CRS provided consultation services to a student planning group that organized a student forum on bias and race at the university. During the planning process, CRS helped the students, and professors acting as the student’s advisors, prioritize their concerns and narrow the list of potential forum topics. Participants identified several priorities, including hiring a full-time Vice Chancellor for Diversity, Equity, and Inclusion; creating space for a Cultural Diversity Office; and requiring cultural sensitivity and diversity training for faculty and employees.
In November 2018, CRS facilitated a student forum. During the forum, students gave candid accounts of specific experiences of perceived race-motivated bias on campus, inequities in the application of campus policies toward black student organizations compared to white student organizations, and alleged police harassment. Black students also discussed the need for a university Office of Diversity and Equity to address complaints and concerns. During the forums, students prioritized issues and decided to form a committee which would present solutions to the university administration.
The fatal police shooting of a well-known musician in February 2019 caused sustained protests in the city of Vallejo, California. Police allegedly found the African American man asleep in his car with a gun on his lap in the drive-through of a fast food restaurant in Vallejo. Police body cameras captured the shooting; the footage shows police requesting him to put his hands up and then firing 55 rounds into the car.
In the weeks following the shooting, the community protested and expressed outrage at the city and police department. The city requested CRS services to ease the racial tension and strained law enforcement-community relations. In May 2019, CRS provided consultation services to city officials to begin discussing best practices in response to the fatal police shooting.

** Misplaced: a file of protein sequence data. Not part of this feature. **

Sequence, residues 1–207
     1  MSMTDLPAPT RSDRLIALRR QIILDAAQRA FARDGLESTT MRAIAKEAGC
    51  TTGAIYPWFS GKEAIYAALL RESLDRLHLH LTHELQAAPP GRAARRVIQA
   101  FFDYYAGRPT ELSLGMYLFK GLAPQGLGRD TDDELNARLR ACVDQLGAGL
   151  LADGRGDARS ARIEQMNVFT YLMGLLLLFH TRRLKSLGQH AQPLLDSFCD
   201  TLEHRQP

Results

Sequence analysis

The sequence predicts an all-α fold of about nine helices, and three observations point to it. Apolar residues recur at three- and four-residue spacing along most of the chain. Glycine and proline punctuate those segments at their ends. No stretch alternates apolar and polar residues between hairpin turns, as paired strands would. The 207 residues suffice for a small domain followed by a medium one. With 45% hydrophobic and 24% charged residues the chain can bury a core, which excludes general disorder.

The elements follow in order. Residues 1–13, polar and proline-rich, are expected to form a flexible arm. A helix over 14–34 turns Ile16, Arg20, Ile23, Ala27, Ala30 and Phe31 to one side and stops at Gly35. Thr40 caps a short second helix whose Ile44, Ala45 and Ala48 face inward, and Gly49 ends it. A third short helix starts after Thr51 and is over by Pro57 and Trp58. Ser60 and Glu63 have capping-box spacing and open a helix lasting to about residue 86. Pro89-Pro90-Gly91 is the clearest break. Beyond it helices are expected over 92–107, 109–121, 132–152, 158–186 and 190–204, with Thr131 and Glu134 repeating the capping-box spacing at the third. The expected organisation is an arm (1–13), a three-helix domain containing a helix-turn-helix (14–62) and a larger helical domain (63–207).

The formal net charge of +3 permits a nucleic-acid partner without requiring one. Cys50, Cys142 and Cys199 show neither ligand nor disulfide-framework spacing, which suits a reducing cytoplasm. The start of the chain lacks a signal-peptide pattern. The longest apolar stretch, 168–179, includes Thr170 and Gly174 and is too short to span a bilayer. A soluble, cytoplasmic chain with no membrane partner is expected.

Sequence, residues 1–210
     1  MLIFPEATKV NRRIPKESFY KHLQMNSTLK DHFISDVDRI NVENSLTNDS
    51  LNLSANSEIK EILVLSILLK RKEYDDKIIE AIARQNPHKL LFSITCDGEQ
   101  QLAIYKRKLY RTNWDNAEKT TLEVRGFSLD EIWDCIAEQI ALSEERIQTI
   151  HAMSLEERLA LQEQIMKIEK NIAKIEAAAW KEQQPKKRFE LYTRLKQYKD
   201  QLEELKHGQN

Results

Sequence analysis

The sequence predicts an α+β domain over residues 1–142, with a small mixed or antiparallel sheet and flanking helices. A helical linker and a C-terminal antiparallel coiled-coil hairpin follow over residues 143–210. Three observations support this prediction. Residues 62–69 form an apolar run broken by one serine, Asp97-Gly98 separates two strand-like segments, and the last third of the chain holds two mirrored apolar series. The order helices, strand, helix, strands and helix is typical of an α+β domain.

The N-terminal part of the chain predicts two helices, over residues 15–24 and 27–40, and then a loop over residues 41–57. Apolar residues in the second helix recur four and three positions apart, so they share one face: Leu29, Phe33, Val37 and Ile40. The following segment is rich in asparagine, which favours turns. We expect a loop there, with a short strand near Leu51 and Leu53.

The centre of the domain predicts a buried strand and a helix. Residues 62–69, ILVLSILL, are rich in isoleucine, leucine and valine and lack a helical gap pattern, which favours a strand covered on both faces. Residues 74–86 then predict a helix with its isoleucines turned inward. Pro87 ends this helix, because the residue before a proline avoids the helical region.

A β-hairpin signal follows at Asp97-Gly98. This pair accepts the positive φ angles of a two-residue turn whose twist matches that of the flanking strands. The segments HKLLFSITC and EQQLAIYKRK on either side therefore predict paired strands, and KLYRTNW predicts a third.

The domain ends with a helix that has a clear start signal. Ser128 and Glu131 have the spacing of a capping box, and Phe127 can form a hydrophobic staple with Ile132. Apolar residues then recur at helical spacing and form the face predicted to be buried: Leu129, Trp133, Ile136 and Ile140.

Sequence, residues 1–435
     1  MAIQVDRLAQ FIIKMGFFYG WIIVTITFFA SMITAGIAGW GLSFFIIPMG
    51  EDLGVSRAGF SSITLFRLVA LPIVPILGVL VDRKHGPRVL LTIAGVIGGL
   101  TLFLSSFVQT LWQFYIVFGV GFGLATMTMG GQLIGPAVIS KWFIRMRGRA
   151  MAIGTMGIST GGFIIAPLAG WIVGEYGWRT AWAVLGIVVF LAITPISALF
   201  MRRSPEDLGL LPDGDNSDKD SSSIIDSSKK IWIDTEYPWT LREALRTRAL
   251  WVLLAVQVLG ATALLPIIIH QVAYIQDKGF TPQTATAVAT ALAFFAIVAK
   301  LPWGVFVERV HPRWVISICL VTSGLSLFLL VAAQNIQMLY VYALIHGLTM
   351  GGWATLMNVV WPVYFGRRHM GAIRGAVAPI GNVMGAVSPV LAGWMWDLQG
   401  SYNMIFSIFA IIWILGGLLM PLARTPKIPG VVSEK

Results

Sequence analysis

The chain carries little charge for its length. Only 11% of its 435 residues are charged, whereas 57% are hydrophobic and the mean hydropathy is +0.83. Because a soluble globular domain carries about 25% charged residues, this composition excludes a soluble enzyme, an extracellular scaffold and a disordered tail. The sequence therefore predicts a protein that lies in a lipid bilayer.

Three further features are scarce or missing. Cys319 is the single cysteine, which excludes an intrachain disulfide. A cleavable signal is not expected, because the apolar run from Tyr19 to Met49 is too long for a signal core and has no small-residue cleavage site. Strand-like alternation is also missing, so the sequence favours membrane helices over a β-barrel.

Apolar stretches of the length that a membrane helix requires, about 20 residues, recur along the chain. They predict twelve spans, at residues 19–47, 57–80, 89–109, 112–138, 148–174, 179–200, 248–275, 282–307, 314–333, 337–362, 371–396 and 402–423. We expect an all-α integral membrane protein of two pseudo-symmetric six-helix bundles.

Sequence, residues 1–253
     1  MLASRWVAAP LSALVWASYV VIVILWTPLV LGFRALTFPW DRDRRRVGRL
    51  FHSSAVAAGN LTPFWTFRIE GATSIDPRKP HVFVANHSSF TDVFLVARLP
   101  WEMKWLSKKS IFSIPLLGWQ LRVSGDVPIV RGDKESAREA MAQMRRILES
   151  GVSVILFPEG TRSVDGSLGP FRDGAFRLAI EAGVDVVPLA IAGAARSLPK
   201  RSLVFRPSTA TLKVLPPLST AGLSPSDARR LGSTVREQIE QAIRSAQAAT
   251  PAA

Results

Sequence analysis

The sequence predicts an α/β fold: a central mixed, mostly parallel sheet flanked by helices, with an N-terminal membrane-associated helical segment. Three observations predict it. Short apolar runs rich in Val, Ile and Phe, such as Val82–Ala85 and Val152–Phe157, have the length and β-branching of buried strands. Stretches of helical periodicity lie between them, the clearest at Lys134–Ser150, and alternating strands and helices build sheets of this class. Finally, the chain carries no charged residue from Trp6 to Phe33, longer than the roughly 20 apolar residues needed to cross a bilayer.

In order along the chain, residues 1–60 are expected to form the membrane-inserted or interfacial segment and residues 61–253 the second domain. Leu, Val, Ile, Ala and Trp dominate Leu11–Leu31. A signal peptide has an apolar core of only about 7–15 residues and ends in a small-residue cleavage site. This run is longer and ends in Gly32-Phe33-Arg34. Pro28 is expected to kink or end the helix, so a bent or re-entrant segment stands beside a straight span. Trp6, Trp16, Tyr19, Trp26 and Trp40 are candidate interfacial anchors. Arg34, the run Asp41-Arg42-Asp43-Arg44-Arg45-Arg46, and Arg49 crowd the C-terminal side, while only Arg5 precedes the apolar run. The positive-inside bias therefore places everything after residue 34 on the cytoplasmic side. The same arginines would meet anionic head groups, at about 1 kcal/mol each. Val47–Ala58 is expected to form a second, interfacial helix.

CRS formed a working group with representatives of the city’s diverse communities, including faith leaders, community organizations, educators, local business leaders and the arts community. The working group developed the “Unite Vallejo” initiative to address a range of community concerns, including race and policing, in a way that would bring the community together. As a part of the initiative, CRS facilitated seven dialogue sessions, including geographically distributed racial dialogues to gain feedback on community perceptions on policing. The city planned to use the feedback from the dialogues to inform the search for a new chief of police.
After the initiative launched, CRS provided additional consultation services to city and police officials to help ensure the sustained success of “Unite Vallejo” and to discuss the initiative’s next phase, which included hiring the new chief of police. As a part of the implementation of this next phase, CRS facilitated listening sessions with residents, during which they identified the skills and experience they believed necessary for a new chief. These skills included expertise with internal affairs, community policing, and diversifying law enforcement. CRS also facilitated dialogues with city leaders to identify their needs for the new chief of police, which included experience with news media.
Resources for You
Dialogue on Race (PDF)